Spreadable Sausages of Abruzzo
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Some history first…
Since the young age of probably 2 years, I’ve been used to eat bread with spreadable sausages (under oil or lard) made by my Nonna. I ate it either as my school snack or as an afternoon tea.
Nonna’s Cellar…That magic place
In summer she would store the sausages in her cellar as it has a stable temperature of about 15 degrees. For me, that place was a magical place…
…a place with the smell of wine, endless bottles of tomatoes passata sauces, hams, salami, sausages, cheeses, and much more treasures.
Still, these days that magic place is there! and I still love to enter that squeaky door with a hanging bell, placed by my Nonna to hear if someone would sneak in.
The truth about Spreadable Sausages
Well, all my life I thought that every Italian knows and eats spreadable sausages. But while living abroad and meeting other Italians, I discovered that the tradition of conserving the soft sausages under oil or lard, is a fully Abruzzese’s tradition.
How are they prepared?
The preparation of these ‘Salsicce’ includes cuts of pork: shoulder, neck, pancetta, and thigh. The meat is cleaned and unboned before adding no more than 10 to 20% of fat.
The mixture is grounded finely and mixed by hand, adding rosemary, pepper, and salt. Simple! This is how we produce them at my family’s place in Campovalano, a small town within the Teramo province. Every town and family in Abruzzo has its own way of producing them, and the spices vary accordingly.
The mixture is left to rest for some hours so that the meat seasons throughout.
Natural Casings or better known as intestines
In the meantime, the natural casings (intestines) of the pig (these will be used to preserve naturally the meat) are washed with lemon and vinegar. This process is repeated a few times for making sure they are perfectly clean. Now you can find them already cleaned at the butcher, but until 10 years ago you had to clean them by yourself. In our family, we prefer using the ones from our pigs, just to make sure everything is super genuine.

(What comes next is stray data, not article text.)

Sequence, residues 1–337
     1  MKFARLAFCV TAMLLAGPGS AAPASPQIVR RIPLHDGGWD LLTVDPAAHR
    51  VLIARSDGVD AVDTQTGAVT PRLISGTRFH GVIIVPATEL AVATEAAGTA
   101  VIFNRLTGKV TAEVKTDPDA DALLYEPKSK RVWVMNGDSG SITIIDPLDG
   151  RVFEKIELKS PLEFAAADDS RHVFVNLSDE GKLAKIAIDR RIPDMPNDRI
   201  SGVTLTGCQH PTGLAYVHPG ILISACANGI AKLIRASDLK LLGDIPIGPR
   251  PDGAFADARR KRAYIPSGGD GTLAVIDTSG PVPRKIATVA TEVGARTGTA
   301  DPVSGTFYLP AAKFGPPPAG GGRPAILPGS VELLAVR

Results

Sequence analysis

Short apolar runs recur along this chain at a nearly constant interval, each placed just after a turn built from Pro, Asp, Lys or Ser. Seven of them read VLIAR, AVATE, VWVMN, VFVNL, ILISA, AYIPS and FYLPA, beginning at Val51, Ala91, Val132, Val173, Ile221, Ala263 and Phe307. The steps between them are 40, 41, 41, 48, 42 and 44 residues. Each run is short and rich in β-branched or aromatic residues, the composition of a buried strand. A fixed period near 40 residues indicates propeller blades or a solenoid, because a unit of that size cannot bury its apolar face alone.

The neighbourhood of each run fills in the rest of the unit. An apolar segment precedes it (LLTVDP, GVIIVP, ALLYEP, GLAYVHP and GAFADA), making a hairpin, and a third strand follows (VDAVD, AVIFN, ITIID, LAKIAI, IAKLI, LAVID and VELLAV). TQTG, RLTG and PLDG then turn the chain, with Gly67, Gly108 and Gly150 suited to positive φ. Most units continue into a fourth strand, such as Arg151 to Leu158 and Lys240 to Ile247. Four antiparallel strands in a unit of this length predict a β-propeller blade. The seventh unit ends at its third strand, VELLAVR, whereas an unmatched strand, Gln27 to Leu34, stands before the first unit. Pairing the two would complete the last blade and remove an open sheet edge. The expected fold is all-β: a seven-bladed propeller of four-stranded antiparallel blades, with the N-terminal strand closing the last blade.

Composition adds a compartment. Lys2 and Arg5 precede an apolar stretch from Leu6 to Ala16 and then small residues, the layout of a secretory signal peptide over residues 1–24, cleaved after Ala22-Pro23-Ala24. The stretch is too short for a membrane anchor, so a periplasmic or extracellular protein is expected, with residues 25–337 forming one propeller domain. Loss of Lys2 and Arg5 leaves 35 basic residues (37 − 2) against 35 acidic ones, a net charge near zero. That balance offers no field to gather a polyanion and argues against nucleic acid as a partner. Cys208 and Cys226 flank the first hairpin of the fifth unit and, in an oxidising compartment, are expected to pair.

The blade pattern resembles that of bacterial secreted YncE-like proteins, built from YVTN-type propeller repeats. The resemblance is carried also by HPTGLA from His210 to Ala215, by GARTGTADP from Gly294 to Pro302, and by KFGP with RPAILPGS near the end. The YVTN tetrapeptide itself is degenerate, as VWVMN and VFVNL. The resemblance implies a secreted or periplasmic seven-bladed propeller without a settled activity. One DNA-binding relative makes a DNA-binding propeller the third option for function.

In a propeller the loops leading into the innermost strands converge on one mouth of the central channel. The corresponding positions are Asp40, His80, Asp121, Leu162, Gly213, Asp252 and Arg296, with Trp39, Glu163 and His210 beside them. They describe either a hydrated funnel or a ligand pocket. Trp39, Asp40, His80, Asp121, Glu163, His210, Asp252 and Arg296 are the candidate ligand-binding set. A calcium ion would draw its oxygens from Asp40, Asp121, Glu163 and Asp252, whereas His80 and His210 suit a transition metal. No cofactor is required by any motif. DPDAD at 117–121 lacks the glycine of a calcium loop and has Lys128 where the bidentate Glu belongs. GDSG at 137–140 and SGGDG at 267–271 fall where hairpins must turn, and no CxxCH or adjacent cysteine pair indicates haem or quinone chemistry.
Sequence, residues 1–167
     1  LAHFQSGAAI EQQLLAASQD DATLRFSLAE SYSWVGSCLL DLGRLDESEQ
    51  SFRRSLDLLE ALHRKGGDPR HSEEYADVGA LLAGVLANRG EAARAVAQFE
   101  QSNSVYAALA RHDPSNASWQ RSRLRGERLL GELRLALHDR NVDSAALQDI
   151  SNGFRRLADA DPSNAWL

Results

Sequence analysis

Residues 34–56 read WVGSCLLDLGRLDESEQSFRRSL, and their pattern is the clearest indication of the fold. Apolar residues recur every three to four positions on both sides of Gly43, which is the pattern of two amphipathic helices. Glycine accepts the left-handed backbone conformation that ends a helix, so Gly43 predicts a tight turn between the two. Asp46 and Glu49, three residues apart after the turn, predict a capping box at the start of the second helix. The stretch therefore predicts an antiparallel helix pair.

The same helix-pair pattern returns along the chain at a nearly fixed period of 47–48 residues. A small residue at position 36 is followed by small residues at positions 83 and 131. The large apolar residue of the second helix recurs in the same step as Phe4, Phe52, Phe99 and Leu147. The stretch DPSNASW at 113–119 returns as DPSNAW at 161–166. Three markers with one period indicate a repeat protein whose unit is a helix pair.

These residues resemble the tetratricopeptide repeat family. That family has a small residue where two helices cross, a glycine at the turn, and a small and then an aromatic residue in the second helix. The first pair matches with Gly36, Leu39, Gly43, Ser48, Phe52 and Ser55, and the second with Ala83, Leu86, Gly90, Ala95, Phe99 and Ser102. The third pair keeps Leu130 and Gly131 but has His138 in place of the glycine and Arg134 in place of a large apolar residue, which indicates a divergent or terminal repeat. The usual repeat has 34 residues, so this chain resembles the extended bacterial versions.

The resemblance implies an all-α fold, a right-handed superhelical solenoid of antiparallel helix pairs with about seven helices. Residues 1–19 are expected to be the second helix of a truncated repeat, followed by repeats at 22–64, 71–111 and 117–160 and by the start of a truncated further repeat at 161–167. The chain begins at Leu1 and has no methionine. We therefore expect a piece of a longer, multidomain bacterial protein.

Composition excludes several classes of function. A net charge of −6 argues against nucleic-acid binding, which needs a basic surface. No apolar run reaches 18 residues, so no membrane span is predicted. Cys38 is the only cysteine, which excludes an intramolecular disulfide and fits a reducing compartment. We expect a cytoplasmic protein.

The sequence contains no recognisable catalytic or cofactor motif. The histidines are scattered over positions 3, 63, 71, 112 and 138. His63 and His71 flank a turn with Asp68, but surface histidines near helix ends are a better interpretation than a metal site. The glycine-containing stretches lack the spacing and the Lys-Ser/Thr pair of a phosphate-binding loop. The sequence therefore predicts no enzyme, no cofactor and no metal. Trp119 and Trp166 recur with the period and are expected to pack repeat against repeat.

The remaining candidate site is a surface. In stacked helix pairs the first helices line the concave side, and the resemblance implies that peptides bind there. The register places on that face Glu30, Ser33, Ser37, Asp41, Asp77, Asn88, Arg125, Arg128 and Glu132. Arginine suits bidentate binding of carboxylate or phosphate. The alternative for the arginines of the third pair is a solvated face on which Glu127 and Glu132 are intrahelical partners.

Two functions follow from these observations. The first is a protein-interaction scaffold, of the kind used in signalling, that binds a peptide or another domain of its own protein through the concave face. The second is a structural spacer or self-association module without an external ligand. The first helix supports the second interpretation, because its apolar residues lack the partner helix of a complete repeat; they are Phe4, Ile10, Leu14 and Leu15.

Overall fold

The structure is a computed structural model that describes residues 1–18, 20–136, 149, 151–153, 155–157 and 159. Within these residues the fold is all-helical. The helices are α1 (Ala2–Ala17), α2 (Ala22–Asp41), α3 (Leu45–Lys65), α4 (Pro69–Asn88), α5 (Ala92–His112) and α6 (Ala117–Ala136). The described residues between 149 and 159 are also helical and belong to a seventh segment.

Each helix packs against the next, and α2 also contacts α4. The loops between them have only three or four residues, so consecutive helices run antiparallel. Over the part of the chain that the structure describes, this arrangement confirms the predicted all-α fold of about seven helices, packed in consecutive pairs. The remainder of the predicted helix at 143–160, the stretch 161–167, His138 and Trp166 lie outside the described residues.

The meat, now seasoned, gets packed into the natural casings. Making sure air isn’t going in, the sausages are tightened by hand with a string. Usually, the ‘Salsicce’ are about 12 cm long and of 4 cm diameter.
For the first couple of weeks, the ‘Salsicce’ are left to dry on local bamboo sticks in a warm place, and later they are moved into a cooler room.
When the sausages reach the right dryness, they can be stored inside glass jars with EVO Oil or lard.
Oil or lard?
Many people now use seeds’ oil instead of Extra Virgin Olive (EVO) Oil for storing sausages, the latter is much better. My favourite ones are the sausages stored in lard. They are much softer and of a greater flavour than the ones under oil.
For many people might the preparation process sound disgusting, but it isn’t at all. In Abruzzo, this is just the normal way of preserving sausages. We actually don’t throw anything away from the pork. Everything gets used, from making delicious food to natural soap bars.
Away from the sunlight, the now ready ‘Salsiccie’ can be stored and used throughout the whole year for the famous ‘Sdijun’ (Abruzzese for brunch) or with a warm bruschetta accompanied with a glass of Montepulciano D’Abruzzo wine.
The sausages have to be unpeeled from the natural casings (just with a cut along with the sausage). This means that they will never touch directly the oil or the lard, so by using a paper cloth to help you, you won’t get your hands dirty at all.
Make sure, that they are well covered by lard or oil otherwise the uncovered sausages will go bad. In case this happens, you just remove the bad ones and keep storing the others.
Salsiccie di Fegato – Liver sausages
A variation of these sausages can include the liver’s meat. ‘Peperoncino’ (chilly) and some orange peel is also added to the meat mixture. I swear, if well made, they taste super good. You have to come here and taste them. Usually, liver sausages are not used and stored under oil, but just dried and then cooked on the grill.
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